Measurements in the KATRIN neutrino project started

World science, 12 July 2018

On 11 June 2018, a festive launch of measurements of the beta spectrum of tritium in the frames of the KATRIN (KArlsruhe TRItium Neutrino) was lauched in the Karlsruhe Institute of Technology (KIT) in the South-West Germany.

More than 400 people, including JINR Director V.A. Matveev, took part in the event. (It is necessary though to note that tritium was launched for the first time on 18 May, and the first short-term measurement of its beta-decay was carried out on 19 May). Thus, a long-term data collection in the KATRIN project has started, in which more than 160 physicists, engineers and technicians take part. The importance of the KATRIN project for science in Germany is evidenced by the fact that the share of the German Federal Ministry of Education in the financing of this project is about 75 percent. Only investments in the building of the KATRIN facility are about 50 million euros.

The size of the main units of the facility can be seen in the photo, which depicts transportation of the vacuum chamber of the main electronic spectrometer from the manufacturer in the KIT.

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The KATRIN experiment is currently set up and commissioned on the Campus North of the Karlsruhe Institute for Technology. The experiment is since 10 years a collaboration between national and international partners with currently more than 150 scientists, engineers, technicians and students.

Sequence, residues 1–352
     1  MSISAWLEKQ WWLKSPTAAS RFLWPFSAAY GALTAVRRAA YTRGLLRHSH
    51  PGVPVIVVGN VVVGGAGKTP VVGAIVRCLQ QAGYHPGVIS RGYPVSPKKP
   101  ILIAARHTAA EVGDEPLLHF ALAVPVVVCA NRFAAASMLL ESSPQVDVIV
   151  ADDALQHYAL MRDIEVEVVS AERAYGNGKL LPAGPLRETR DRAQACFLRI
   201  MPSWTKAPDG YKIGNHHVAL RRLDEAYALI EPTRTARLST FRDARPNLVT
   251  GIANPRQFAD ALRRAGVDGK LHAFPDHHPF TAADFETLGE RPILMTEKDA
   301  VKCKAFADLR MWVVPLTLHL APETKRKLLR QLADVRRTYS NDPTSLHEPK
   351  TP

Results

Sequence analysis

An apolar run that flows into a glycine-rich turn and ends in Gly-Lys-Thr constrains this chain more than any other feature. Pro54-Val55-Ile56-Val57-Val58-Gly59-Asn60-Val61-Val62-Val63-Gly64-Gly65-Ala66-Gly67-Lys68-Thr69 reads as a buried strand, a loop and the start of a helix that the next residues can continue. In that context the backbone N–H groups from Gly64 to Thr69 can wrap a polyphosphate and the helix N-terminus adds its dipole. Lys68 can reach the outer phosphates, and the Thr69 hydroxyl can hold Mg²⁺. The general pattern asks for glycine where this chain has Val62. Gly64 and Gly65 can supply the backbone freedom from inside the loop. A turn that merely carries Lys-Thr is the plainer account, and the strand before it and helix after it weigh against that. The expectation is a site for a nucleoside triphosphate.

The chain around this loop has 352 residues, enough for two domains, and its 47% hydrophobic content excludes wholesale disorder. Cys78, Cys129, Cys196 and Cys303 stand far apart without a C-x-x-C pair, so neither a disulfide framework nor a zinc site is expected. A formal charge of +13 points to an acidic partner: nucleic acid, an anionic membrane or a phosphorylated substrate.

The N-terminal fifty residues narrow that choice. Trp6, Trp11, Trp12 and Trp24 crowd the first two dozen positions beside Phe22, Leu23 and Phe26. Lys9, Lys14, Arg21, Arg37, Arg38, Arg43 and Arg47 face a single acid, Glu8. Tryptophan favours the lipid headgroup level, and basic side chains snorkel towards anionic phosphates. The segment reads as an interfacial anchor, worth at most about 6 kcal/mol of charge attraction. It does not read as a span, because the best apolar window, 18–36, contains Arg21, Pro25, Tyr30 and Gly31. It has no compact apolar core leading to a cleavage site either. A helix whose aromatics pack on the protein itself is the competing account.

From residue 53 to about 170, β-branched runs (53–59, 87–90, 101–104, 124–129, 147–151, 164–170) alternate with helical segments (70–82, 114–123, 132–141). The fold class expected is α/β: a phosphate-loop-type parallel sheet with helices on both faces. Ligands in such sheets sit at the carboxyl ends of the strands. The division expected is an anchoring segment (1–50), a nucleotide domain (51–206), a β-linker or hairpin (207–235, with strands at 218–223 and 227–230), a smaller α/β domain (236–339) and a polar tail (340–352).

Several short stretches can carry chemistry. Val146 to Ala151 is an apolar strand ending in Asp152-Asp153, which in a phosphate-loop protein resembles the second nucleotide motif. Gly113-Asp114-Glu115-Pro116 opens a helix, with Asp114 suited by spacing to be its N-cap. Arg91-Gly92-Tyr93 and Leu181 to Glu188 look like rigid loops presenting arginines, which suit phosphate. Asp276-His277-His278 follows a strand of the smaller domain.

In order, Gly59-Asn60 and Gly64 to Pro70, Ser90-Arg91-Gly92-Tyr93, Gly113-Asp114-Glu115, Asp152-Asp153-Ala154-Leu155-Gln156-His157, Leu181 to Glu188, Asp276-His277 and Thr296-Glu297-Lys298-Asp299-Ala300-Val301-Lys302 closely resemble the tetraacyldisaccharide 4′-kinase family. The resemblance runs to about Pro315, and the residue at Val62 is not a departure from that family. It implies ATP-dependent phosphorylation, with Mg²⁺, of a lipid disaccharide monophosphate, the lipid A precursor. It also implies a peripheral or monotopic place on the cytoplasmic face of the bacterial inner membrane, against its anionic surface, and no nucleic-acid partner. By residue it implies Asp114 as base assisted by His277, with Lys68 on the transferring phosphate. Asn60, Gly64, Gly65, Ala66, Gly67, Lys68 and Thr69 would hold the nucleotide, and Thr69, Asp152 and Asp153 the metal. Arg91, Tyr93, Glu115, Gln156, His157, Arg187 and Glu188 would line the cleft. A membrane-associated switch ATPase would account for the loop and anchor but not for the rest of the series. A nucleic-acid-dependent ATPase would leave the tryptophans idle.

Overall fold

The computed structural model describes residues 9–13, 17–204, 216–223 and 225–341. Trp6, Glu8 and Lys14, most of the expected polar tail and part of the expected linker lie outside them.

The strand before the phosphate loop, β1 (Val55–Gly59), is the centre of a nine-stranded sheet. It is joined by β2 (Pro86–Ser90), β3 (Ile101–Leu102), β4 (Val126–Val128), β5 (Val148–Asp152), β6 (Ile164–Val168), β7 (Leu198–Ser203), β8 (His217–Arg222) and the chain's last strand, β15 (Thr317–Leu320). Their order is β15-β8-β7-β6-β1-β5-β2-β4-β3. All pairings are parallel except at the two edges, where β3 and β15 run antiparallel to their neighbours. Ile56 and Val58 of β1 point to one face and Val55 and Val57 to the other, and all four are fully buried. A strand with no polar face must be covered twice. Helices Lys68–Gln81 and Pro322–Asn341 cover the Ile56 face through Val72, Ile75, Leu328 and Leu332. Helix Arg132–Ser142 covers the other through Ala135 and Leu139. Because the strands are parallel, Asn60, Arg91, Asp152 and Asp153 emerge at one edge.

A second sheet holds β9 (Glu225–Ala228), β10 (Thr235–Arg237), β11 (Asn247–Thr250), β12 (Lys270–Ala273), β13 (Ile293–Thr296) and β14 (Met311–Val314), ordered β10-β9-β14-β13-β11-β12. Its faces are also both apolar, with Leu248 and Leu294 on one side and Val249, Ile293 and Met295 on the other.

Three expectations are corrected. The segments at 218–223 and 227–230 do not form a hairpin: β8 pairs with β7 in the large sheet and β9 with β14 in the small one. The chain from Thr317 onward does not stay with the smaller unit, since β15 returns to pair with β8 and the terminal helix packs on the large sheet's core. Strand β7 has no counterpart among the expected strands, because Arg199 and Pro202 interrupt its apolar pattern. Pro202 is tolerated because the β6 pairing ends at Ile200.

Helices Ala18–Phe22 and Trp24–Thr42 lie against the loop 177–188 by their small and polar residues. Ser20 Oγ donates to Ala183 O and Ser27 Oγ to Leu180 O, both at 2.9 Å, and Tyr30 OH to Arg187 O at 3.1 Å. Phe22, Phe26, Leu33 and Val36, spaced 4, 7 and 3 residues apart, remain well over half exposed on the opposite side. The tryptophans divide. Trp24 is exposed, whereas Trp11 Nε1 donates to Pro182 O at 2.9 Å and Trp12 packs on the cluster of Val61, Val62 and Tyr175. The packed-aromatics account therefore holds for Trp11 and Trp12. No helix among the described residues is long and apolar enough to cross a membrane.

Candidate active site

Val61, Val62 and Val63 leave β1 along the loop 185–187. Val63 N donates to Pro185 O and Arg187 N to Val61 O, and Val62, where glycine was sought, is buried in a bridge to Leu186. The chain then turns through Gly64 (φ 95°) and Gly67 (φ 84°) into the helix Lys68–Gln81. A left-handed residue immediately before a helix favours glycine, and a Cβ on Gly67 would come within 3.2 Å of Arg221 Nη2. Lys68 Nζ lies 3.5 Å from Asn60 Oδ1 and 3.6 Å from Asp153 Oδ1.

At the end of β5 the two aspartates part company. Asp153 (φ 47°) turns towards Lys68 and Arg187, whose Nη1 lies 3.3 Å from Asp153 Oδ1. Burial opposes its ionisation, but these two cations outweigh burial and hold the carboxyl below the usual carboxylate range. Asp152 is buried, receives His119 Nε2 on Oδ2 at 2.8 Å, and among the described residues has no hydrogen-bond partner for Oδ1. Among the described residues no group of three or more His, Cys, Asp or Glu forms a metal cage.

KATRIN measures the neutrino mass in a model-independant way via ultrahigh precision measurements of the kinematics of electrons from beta-decay. To detect the subtle effects of a massive neutrino on the kinematics of the beta electrons requires on one hand the provision of a strong gaseous windowless Tritium source with well-known properties and precision control. On the other hand it requires a high resolution spectrometer (MAC-E filter) with large diameter (10 m) to analyze precisely the electron energies from the source. All major components are under construction or already in place and in the commissioning phase.
Like many ultra-precision experiments KATRIN pushes state-of-art technologies to its borders. Its wide spectrum of involved physics and engineering, varying for example from molecular physics to nuclear physics, or from cryogenics over vacuum engineering to material science, makes the special touch and fascination of such an experiment.

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